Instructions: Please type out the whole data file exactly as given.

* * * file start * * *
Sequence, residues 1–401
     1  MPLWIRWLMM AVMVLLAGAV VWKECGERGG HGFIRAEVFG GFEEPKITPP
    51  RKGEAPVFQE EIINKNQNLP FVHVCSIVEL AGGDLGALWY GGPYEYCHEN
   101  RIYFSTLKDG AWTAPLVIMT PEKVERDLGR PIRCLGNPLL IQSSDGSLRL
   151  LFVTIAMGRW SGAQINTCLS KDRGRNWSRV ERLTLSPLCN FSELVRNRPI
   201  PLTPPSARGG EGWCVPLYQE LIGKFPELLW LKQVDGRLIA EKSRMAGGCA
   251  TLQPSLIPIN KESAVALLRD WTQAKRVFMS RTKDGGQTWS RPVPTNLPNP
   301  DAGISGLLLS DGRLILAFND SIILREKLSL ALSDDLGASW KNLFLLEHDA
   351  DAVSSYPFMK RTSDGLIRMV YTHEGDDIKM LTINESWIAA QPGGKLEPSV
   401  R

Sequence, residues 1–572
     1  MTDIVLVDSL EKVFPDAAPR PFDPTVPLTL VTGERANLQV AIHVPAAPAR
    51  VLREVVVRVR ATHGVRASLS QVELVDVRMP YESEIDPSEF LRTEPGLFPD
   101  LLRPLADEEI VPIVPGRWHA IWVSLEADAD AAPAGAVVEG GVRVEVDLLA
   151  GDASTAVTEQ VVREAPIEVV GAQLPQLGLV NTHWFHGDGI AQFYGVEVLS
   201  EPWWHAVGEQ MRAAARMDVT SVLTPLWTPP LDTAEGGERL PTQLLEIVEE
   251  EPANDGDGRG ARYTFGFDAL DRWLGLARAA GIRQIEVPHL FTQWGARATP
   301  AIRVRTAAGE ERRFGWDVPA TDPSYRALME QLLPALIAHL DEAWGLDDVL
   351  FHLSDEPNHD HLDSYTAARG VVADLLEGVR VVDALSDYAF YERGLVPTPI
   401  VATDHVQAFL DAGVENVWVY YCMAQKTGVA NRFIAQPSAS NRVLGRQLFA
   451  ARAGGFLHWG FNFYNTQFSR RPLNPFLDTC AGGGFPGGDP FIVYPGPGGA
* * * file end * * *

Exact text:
Sequence, residues 1–401
     1  MPLWIRWLMM AVMVLLAGAV VWKECGERGG HGFIRAEVFG GFEEPKITPP
    51  RKGEAPVFQE EIINKNQNLP FVHVCSIVEL AGGDLGALWY GGPYEYCHEN
   101  RIYFSTLKDG AWTAPLVIMT PEKVERDLGR PIRCLGNPLL IQSSDGSLRL
   151  LFVTIAMGRW SGAQINTCLS KDRGRNWSRV ERLTLSPLCN FSELVRNRPI
   201  PLTPPSARGG EGWCVPLYQE LIGKFPELLW LKQVDGRLIA EKSRMAGGCA
   251  TLQPSLIPIN KESAVALLRD WTQAKRVFMS RTKDGGQTWS RPVPTNLPNP
   301  DAGISGLLLS DGRLILAFND SIILREKLSL ALSDDLGASW KNLFLLEHDA
   351  DAVSSYPFMK RTSDGLIRMV YTHEGDDIKM LTINESWIAA QPGGKLEPSV
   401  R

Sequence, residues 1–572
     1  MTDIVLVDSL EKVFPDAAPR PFDPTVPLTL VTGERANLQV AIHVPAAPAR
    51  VLREVVVRVR ATHGVRASLS QVELVDVRMP YESEIDPSEF LRTEPGLFPD
   101  LLRPLADEEI VPIVPGRWHA IWVSLEADAD AAPAGAVVEG GVRVEVDLLA
   151  GDASTAVTEQ VVREAPIEVV GAQLPQLGLV NTHWFHGDGI AQFYGVEVLS
   201  EPWWHAVGEQ MRAAARMDVT SVLTPLWTPP LDTAEGGERL PTQLLEIVEE
   251  EPANDGDGRG ARYTFGFDAL DRWLGLARAA GIRQIEVPHL FTQWGARATP
   301  AIRVRTAAGE ERRFGWDVPA TDPSYRALME QLLPALIAHL DEAWGLDDVL
   351  FHLSDEPNHD HLDSYTAARG VVADLLEGVR VVDALSDYAF YERGLVPTPI
   401  VATDHVQAFL DAGVENVWVY YCMAQKTGVA NRFIAQPSAS NRVLGRQLFA
   451  ARAGGFLHWG FNFYNTQFSR RPLNPFLDTC AGGGFPGGDP FIVYPGPGGA